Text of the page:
RĀI BULĀR a Muhammadan noble of the Bhaṭṭi clan, was during the latter half of the fifteenth century the chief of Talvaṇḍī Rāi Bhoi, the village where Gurū Nānak was born in 1469. Rāi Būlār had great affection for young Gurū Nānak and held him in high esteem. According to Janam Sākhī accounts, Rāi Bulār perceived the Divine in Gurū Nānak and became a devotee. Once young Nānak was arraigned before him for having allowed the cattle herd he was tending to damage a farmer’s crop. The Rāi sent for Bābā Kālū, the Gurū's father, and directed him to compensate the farmer for the damage. But footmen sent to estimate the loss reported that they had seen no damage whatsoever. Rāī Bulār was as much surprised as the complainant himself, who insisted that he had seen with his own eyes the whole crop ruined and the buffaloes sitting amidst it after they had heartily gorged themselves on it. On another occasion, Gurū Nānak, while out with his herd, lay down to rest under a tree in the summer afternoon and fell asleep. After a while, Rāi Bulār along with his servants happened to pass by. He was surprised to see a strange phenomenon. The shadows of other trees had travelled round with the sun, but not of the tree under which Nānak slept. Returning to the town, the Rāi called Father Kālū and said to him, "Your son is a great man. He is the honour of my town. Kālū, thou hast become exalted and I too am exalted in whose town such a one has been born."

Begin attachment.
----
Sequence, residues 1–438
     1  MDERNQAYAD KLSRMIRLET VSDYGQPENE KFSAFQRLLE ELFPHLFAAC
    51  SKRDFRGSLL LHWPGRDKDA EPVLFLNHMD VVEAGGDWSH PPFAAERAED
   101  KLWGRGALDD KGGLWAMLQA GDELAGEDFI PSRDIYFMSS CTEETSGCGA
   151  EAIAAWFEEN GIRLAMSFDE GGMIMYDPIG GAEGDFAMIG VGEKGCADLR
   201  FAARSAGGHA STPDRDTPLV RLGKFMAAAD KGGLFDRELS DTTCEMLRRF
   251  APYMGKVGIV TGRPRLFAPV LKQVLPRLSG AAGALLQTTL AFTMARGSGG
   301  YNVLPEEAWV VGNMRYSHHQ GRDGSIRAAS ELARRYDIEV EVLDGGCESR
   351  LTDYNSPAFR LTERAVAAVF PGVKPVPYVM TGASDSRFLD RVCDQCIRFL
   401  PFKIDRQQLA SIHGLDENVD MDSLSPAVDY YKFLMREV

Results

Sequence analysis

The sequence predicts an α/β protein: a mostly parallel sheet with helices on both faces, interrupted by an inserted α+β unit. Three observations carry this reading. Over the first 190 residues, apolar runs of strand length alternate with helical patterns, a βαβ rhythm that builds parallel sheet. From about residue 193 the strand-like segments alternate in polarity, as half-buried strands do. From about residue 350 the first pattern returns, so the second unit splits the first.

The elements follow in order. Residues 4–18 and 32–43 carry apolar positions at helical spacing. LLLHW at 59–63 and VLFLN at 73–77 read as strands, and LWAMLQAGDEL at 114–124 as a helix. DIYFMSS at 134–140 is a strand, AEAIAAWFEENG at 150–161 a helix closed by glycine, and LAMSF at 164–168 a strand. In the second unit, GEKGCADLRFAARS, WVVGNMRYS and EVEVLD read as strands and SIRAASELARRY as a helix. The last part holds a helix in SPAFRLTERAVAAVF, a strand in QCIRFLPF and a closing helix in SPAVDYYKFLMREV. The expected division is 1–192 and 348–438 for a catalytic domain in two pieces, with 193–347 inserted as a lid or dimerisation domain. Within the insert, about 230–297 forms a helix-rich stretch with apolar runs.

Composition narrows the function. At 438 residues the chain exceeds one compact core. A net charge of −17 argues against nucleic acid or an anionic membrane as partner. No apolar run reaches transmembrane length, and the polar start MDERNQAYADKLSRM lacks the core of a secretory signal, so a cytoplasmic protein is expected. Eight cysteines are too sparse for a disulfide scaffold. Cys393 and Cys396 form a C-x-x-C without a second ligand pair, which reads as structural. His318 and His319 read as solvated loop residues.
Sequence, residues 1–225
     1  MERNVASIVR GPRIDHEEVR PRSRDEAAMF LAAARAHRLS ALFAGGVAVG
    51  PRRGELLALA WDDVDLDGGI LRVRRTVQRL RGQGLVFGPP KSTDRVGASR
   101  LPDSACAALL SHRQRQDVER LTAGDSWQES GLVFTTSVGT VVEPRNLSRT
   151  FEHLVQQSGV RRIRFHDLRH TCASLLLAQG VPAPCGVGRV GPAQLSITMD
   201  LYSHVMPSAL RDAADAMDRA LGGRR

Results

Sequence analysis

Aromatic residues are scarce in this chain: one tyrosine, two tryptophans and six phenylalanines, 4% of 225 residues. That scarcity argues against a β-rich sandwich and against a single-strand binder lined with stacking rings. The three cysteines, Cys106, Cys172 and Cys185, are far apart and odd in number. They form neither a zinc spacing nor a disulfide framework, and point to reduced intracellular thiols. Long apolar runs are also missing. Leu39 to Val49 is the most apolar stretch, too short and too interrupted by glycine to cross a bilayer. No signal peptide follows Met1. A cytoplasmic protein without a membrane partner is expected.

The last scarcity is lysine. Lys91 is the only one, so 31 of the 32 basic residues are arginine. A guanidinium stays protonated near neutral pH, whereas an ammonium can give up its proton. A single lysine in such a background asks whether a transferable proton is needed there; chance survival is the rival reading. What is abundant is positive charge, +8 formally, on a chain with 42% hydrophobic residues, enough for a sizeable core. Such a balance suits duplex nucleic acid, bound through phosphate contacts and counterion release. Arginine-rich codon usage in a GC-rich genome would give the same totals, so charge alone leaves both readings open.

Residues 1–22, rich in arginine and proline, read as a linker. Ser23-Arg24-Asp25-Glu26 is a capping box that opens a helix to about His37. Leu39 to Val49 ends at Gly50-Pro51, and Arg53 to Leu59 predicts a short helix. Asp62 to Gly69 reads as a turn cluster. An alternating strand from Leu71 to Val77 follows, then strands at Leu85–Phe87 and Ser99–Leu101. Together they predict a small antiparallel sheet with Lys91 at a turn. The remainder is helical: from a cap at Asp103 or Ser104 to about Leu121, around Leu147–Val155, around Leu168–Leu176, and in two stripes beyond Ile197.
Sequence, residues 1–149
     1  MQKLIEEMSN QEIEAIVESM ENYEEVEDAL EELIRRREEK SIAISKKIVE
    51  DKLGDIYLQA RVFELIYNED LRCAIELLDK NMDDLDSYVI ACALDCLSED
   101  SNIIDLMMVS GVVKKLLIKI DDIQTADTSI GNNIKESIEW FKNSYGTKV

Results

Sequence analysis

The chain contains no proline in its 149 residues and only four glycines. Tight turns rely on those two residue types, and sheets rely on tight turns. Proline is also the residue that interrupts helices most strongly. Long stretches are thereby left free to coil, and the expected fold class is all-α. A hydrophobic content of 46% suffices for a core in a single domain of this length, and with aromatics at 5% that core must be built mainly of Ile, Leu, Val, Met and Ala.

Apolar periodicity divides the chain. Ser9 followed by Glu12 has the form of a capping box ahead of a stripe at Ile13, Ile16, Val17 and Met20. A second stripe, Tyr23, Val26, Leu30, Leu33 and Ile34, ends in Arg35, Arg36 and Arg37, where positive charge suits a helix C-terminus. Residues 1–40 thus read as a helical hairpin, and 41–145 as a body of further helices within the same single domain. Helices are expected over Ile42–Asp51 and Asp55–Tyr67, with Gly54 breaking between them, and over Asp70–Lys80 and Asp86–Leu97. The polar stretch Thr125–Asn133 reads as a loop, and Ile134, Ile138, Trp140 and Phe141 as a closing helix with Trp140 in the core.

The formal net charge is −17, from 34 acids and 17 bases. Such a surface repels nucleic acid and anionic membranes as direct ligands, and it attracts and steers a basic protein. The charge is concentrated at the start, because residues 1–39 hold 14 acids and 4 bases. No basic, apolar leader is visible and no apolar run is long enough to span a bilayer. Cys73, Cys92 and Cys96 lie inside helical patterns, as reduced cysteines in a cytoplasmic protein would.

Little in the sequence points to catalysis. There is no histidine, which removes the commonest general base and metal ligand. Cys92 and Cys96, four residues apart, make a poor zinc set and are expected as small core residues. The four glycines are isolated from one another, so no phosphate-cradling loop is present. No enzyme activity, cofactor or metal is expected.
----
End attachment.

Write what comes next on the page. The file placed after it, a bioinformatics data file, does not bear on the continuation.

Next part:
Gurū Nānak reciprocated the honour and affection extended to him by Rāi Bulār and never failed in between his long travels to visit him, who always felt blessed to see him. Even when he lay dying in 1515 circa, the Gurū was by his bedside.


  1. McLeod, W.H., tr., The B40 Janam-Sākhī. Amritsar, 1980
  2. Kohlī, Surindar Siṅgh, ed., Janamsākhī Bhāī Bālā. Chandigarh, 1972
  3. Vīr Siṅgh, Bhāī, ed., Purātan Janamsākhī. Amritsar, 1971
  4. Giān Siṅgh, Giānī, Panth Prakāsh. Delhi, 1880

Gurnek Siṅgh